once every 18 months during the Cold War years. The spread of democracy in
Algeria, Saudi Arabia or the emirates, Jordan or Iraq (at least prior to the
Gulf War) has been deemed so threatening to peace that the US works actively
to suppress it.
Moreover, commerce and trade, with their sober calculations of profit and
loss, have not yet sufficed to end war. In many ways, the global economy was
more integrated at the beginning of this century than it is today. And today,
the destruction--creative or not--wrought by the global economy seeds brutal
conflicts which feel like major wars to those caught in them.
What needs to be done to secure the blessings of this age? Forsberg suggests
that we should focus on ridding ourselves on the very weapons she earlier
argued made war virtually unthinkable. She sensibly favors a strategic shift
from offensive postures to defensive defense--to defense postures and weapons
mixes that are less useful for offensive operations and preclude cross-border
operations. Logic aside, the argument is unconvincing.
First, in every country the military argues that the best place to fight
any potential war is on someone else's territory, and the best way to deter
any attack is to be ready to do exactly that. More sensible arguments by arms
controllers will be a difficult sell. Second, as Forsberg notes, the capacity
to defend the borders of a large country--like China, Russia, the European
Union, India, Indonesia--entails the same mobility as that needed to invade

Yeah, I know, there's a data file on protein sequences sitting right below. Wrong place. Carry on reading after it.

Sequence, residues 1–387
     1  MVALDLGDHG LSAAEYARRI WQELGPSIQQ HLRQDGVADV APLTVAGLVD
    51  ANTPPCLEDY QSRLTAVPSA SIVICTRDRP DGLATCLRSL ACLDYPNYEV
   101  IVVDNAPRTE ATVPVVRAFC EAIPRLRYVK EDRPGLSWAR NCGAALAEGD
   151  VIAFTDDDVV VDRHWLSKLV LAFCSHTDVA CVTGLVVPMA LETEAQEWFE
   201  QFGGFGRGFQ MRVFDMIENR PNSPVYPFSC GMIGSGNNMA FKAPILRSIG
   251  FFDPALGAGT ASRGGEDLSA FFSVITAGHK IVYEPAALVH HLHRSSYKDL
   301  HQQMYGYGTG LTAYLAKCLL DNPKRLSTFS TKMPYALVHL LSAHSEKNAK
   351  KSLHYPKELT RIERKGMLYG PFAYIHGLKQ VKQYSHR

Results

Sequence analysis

Third, the US claims an impossible exemption. As Forsberg notes, the US demands
the ability to defend its allies--in the Middle East, Europe and Asia -- from
external (and possibly internal) attack. This has justified maintaining military
spending at virtually Cold War levels to pay for a conventional force that
can be dispatched rapidly to all corners of the earth. If the US sustains
this capacity, it is hard to believe, as Forsberg admits, that other countries
will voluntarily limit themselves to a defensive defense (instead, Russia
and China are more likely to go to a hair-trigger nuclear posture). Yet in
her argument here Forsberg gives the US a limited pass.
Finally, military strategies change. Creating an advanced military isn't
easy or cheap, but a move from a self-limiting defensive posture to an offensive
one doesn't take much. A decade ago, the Chinese army--built for defense and
so backward it communicated by banging on drums--still managed to invade Vietnam.
Technology provides neither cause nor cure for war. Neither the arms race
nor arms control brought the Cold War to a peaceful end: it was the internal
collapse of the Soviet Union, and the decision by Mikhail Gorbachev to end
the game. Dtente furthered the erosion, particularly in Eastern Europe. The
campaigns for disarmament and against nuclear war helped expose the madness
of the arms race. But the Red Army went from fiend to sometime friend not
through arms control, but by the transformation of a political and economic
No justice, no peace. In this extraordinary time, our focus should be on
building the structures of peace--the harder, softer tasks of securing minimal
decency, bolstering democracy and the rule of law, strengthening international
peacekeeping and peacemaking institutions, and dealing with such real world
causes of tension as economic upheaval, mass displacement, environmental catastrophe,
resource rivalries, religious and nationalist passions. Resolute campaigning
against war--for disarmament, for peaceful resolution of disputes, against
foreign interventions, against incessant arms development--is surely a part
of this. Arms control proposals like Forsberg's offer, at best, creative way
stations along the way. But peace comes not from a perfect arsenal or a military
posture, but from a continuing process of diplomacy, finding peaceful resolution
of disputes, creating justice, building a rule of law and reason.